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Monster blogger turns monster product guy: Marshall Kirkpatrick stepping back from ReadWriteWeb

Marshall Kirkpatrick, a formidable voice and fascinating mind in the tech blogosphere, is turning his attention from writing about startups to running his own.

Kirkpatrick has been at ReadWriteWeb, a publication covering all things Internet-related, for the past four years, most recently as co-editor and VP of content development.

He will be stepping back from this full-time role to work on Plexus Engine, a tool that will help poor saps like you and me be as immediately up-to-date on information as Kirkpatrick himself is.

I worked with Marshall during the earlier phases of my tech blogging career; the man has a deep fascination with the gears, levers and pulleys of real-time communication. He was also famous, internally and externally, for his secret sauce: a system for seemingly instantly knowing when anything had happened anywhere — and knowing it before anybody else.

Truly, he was and is uncanny about lightning-fast information gathering.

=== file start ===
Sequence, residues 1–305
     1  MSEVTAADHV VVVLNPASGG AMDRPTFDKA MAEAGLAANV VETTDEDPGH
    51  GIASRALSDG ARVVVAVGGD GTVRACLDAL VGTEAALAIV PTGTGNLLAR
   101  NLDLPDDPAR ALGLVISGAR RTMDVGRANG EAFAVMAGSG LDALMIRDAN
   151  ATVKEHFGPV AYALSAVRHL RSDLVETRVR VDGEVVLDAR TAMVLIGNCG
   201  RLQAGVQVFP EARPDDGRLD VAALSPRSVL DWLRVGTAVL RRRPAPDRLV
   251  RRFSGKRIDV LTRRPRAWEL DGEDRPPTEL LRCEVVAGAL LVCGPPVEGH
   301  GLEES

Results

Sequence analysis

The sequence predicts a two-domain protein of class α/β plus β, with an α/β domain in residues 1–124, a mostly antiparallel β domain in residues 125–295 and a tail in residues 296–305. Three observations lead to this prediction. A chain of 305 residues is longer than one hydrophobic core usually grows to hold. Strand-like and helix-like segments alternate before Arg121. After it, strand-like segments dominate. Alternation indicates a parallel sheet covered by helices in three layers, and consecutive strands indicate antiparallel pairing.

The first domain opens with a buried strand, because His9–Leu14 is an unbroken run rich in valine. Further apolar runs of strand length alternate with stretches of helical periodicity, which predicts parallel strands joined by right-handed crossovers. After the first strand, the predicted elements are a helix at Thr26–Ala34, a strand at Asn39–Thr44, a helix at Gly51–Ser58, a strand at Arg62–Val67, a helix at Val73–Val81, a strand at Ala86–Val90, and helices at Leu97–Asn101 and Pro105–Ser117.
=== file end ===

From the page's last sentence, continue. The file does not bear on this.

This skill, coupled with his fantastic analyses, made Kirkpatrick a great in the industry. But now, he’s taking this same skill (being the first to know everything) and turning it into a web product and platform.

“It’s a learning-curve busting, ‘first mover’s advantage’-as-a-service technology for information workers who want to win. It’s about helping users skate to where the puck is going to be, not to where it’s been,” Kirkpatrick wrote in a blog post.

In short, he’s giving anyone who needs it a distinct competitive advantage.

The shopworn axiom tells us that knowledge is power; if that’s true, then knowing something before anyone else constitutes a first-strike weapon.

The service is currently in private beta; Kirkpatrick is acting as CEO of the venture.

“A plexus is a place where nerves branch and rejoin in the body,” Kirkpatrick explains, “and the Plexus Engine analyzes points of intersection online to detect emerging signals… I’ve been learning about how to do this kind of stuff for as long as I’ve been working online. The methods I’ve explored have been complicated, experimental and challenging but now I’m going to productize the lessons I’ve learned in a way that anyone can use them.”

Kirkpatrick writes to us in an email, “I’m hoping to launch [Plexus Engine] to the public in about 3 months.” In the meantime, he will continue to write his famous analysis posts on ReadWriteWeb.

Stay tuned for more details on Plexus Engine soon.